The number of SPAN sessions that can be configured on the Catalyst 6500 Series Switches is limited. Refer to Local SPAN and RSPAN Session Limits for more information.
A destination port receives copies of sent and received traffic for all monitored source ports. If a destination port is oversubscribed, it can become congested. This congestion can affect traffic forwarding on one or more of the source ports.
The VACL Capture Port feature can help to overcome some of these limitations. VACLs are primarily not designed to monitor traffic, but, with a wide range of capability to classify the traffic, the Capture Port feature was introduced so that network traffic analysis can become much simpler. These are the advantages of VACL Capture Port usage over VSPAN:
Granular Traffic Analysis
VACLs can match based on source IP address, destination IP address, Layer 4 protocol type, source and destination Layer 4 ports, and other information. This capability makes VACLs very useful for granular traffic identification and filtering.
Number of Sessions
VACLs are enforced in hardware; the number of Access Control Entries (ACE) that can be created depends upon the TCAM available in the switches.
Destination Port Oversubscription
Granular traffic identification reduces the number of frames to be forwarded to the destination port and thereby minimizes the probability of their oversubscription.
VACLs are enforced in hardware; there is no performance penalty for the application of VACLs to a VLAN on the Cisco Catalyst 6500 Series Switches
In this section, you are presented with the information to configure the features described in this document.
Note: Use the Command Lookup Tool (registered customers only) to find more information on the commands used in this document.
This document uses this network setup:
This configuration example lists the steps required to capture all Layer 2 traffic that flows in VLAN 100 and VLAN 200 and send them to the Network Analyzer device.
Specify the interesting traffic. In our example, it is traffic that flows in VLAN 100 and VLAN 200.
Cat6K-IOS(config)#monitor session 50 source vlan 100 , 200 ?
, Specify another range of VLANs
- Specify a range of VLANs
both Monitor received and transmitted traffic
rx Monitor received traffic only
tx Monitor transmitted traffic only
!--- Default is to monitor both received and transmitted traffic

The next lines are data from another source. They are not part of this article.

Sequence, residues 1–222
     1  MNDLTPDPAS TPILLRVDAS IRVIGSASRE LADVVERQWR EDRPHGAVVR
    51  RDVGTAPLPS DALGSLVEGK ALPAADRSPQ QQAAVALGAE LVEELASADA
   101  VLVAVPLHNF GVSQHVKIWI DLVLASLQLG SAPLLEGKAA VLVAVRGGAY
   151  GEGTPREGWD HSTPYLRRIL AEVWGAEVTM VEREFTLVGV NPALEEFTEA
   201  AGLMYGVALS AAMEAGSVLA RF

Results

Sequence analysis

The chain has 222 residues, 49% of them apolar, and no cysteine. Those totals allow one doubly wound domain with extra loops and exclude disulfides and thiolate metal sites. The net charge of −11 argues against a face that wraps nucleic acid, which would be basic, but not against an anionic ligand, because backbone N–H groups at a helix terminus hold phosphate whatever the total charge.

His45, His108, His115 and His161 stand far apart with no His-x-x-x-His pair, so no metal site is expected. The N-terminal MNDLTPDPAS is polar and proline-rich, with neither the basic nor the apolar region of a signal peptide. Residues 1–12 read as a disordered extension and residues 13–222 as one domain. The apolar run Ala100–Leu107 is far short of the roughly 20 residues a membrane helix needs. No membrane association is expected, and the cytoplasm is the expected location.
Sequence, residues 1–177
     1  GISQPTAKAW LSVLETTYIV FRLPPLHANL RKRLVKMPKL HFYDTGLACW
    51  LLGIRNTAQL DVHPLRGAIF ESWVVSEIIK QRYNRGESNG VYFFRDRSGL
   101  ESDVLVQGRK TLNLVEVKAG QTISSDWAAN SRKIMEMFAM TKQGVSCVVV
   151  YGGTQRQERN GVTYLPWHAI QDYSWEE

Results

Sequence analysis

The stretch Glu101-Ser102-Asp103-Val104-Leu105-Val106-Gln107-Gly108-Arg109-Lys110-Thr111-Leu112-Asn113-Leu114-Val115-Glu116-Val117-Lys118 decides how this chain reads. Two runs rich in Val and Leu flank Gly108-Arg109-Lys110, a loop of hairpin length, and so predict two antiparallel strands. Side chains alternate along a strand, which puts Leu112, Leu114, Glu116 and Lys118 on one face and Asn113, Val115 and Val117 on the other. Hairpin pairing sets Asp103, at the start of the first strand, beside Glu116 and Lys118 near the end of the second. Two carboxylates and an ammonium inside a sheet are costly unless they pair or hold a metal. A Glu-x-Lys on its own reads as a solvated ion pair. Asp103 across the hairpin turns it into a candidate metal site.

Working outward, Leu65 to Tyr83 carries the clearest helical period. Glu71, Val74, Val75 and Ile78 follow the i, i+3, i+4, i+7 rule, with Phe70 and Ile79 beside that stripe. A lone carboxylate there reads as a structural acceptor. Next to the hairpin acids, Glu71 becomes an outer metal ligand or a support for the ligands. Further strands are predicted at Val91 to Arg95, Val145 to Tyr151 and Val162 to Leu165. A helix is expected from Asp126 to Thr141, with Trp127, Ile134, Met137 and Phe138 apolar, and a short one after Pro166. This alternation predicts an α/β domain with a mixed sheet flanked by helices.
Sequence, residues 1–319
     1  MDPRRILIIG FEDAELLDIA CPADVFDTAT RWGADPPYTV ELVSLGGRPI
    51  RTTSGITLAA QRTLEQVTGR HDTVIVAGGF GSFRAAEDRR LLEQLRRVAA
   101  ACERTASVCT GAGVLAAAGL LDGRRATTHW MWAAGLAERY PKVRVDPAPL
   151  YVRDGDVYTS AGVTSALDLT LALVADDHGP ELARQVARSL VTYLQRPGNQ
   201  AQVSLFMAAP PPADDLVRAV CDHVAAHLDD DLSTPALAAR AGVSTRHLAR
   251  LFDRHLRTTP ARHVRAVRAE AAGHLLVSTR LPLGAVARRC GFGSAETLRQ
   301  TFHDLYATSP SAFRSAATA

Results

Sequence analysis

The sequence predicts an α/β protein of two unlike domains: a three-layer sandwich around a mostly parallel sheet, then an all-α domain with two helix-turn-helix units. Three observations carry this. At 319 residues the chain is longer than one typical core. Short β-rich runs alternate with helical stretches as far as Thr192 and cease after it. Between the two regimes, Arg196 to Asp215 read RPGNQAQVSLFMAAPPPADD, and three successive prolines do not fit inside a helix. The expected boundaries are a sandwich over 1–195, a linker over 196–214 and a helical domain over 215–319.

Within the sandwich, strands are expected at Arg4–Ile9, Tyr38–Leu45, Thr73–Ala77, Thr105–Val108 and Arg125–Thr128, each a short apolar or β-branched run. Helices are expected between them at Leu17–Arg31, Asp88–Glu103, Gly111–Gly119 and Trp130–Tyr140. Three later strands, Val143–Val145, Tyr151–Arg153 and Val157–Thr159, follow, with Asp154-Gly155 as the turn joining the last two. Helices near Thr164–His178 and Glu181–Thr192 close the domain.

Cat6K-IOS(config)#monitor session 50 source vlan 100 , 200
Specify the destination port for the captured traffic.
Cat6K-IOS(config)#monitor session 50 destination interface Fa3/30
With this, all the layer 2 traffic that belongs to VLAN 100 and VLAN 200 is copied and sent to port Fa3/30. If the destination port is part of the same VLAN whose traffic is monitored, the traffic that goes out of the destination port is not captured.
Verify your SPAN configuration with the show monitor command.
Cat6K-IOS#show monitor detail
Type : Local Session
Source Ports :
RX Only : None
TX Only : None
Both : None
Source VLANs :
RX Only : None
TX Only : None
Both : 100,200
Source RSPAN VLAN : None
Destination Ports : Fa3/30
Filter VLANs : None
Dest RSPAN VLAN : None
In this configuration example, there are multiple requirements from the network administrator:
HTTP Traffic from a range of hosts (10.20.20.128/25) in VLAN 200 to a specific server (10.10.10.101) in VLAN 100 needs to be captured.
Multicast User Datagram Protocol (UDP) traffic in the transmit direction destined for group address 18.104.22.168 needs to be captured from VLAN 100.
Define the interesting traffic to be caputured and sent to analysis.
Cat6K-IOS(config)#ip access-list extended HTTP_UDP_TRAFFIC
Cat6K-IOS(config-ext-nacl)#permit tcp 10.20.20.128 0.0.0.127 host 10.10.10.101 eq www
Cat6K-IOS(config-ext-nacl)#permit udp any host 22.214.171.124
Define an umberlla ACL to map all other traffic.
Cat6K-IOS(config)#ip access-list extended ALL_TRAFFIC
Cat6K-IOS(config-ext-nacl)#permit ip any any
Define the VLAN access map.
Cat6K-IOS(config)#vlan access-map HTTP_UDP_MAP 10
Cat6K-IOS(config-access-map)#match ip address HTTP_UDP_TRAFFIC
Cat6K-IOS(config-access-map)#action forward capture
Cat6K-IOS(config)#vlan access-map HTTP_UDP_MAP 20
Cat6K-IOS(config-access-map)#match ip address ALL_TRAFFIC
Apply the VLAN access map to the appropriate VLANs.
Cat6K-IOS(config)#vlan filter HTTP_UDP_MAP vlan-list 100
!--- Here 100 is the ID of VLAN on which the VACL is applied.
Configure the Capture Port.
Cat6K-IOS(config-if)#switchport capture allowed vlan ?
WORD VLAN IDs of the allowed VLANs when this po
add add VLANs to the current list
all all VLANs
except all VLANs except the following
remove remove VLANs from the current list
Cat6K-IOS(config-if)#switchport capture allowed vlan 100
Use this section to confirm that your configuration works properly.
The Output Interpreter Tool (registered customers only) (OIT) supports certain show commands. Use the OIT to view an analysis of show command output.
There is currently no specific troubleshooting information available for this configuration.